[NOTE: I’ve blogged all these “how-to” posts before, but am gonna re-run them on occasion, since folks may have missed them, and many of them have been updated or expanded since they were first posted.]
If you are going to be living and traveling in a camper van, then selecting the right vehicle for you is probably the single most important decision you’ll make. And that decision will be based on cost and practicality. The possible choice of vehicles ranges from an absurdly expensive commercial Class B camper van with all the comforts of home, to a cheap used Chevy or Ford van with little more than a sleeping bag in the back. Also under the category of “van-dwelling” are things like minivans and small panel trucks—I have even seen ambulances that have been converted into a live-in travel vehicle.
The most crucial decision you will need to make, of course, is whether the van-dwelling lifestyle actually suits you. More than one person has enthusiastically sold all they own, bought a van and moved in—only to find that the lifestyle really isn’t for them after all.
So you will want to take a “test ride” before you do anything. In your home or apartment, take some masking tape and mark out an area in a corner about nine feet long and about five feet wide. This is your “van”. Now, equip this space as you would the inside of your camper van. Bed, clothing, sink, storage, food, bathroom, electrical battery bank, stove—everything you will need must find a place within this area. Once you have everything set up, live inside this space for the next four weeks: cook here, sleep here, watch TV here. Rearrange things if you need to, add things or take them away. Follow the wisdom of the backpacker: “Bring what you need, and need what you bring”. Remember, you will be living fulltime in a space that is smaller than an average prison cell. You will have to make some hard choices.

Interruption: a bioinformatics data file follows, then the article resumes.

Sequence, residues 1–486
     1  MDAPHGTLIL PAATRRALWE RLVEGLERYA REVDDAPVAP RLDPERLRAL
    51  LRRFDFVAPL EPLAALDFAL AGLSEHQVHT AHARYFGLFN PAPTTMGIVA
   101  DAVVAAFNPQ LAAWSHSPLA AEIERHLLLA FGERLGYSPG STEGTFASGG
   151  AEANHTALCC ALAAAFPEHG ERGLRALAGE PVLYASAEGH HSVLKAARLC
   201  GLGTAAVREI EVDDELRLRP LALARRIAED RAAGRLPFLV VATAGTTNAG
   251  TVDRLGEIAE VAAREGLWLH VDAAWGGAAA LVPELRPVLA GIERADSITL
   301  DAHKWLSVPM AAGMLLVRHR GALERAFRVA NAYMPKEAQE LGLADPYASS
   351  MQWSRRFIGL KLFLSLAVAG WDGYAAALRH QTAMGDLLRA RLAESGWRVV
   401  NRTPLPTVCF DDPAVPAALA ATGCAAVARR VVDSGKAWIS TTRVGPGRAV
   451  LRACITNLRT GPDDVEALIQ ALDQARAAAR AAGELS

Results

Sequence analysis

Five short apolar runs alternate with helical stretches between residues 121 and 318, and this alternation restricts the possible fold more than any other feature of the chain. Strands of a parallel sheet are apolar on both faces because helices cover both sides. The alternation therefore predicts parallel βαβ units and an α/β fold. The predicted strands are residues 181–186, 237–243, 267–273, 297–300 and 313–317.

If things work out, you are ready to go van-shopping. But if you cannot be comfortable living within this confined space, and find yourself “cheating” all the time, then you either need a larger commercial RV, or you need to reconsider your lifestyle choice.
If you have lots of money to spend and you like your creature comforts, such as hot running water, a fridge, and a real flushing toilet, then you’ll probably be looking for a commercial Class B RV van, or a full converted camper van. These are virtually mini-apartments, and can even be fitted with luxuries like a shower, microwave or a TV. There is often an external hookup for water and electricity, and tanks for wastewater. Some come ready-equipped with solar panels, generators and storage batteries.
The advantages; you can live in one of these in full comfort, with all the luxuries of home. The disadvantages; they are horribly expensive, and some of the better-equipped models will cost you as much as a small house would. And, depending on the particular design, they are not all that good for “stealth”–some of these beasties stand out like a coal pile in a ballroom, and everyone in sight will know there’s someone living in there. That won’t be a problem if you will be staying in campgrounds or just overnighting at Walmart lots, but for long-term urban camping, these are not the stealthiest option.
Most of us who choose the camper-van lifestyle will be buying a plain ole cargo van and converting it. This gives great flexibility, since you can fit out your van as sparsely or as opulently as money and taste allow. It also gives maximum stealth, since from the outside it just looks like an ordinary van. Here are some factors to keep in mind when selecting a van for camping: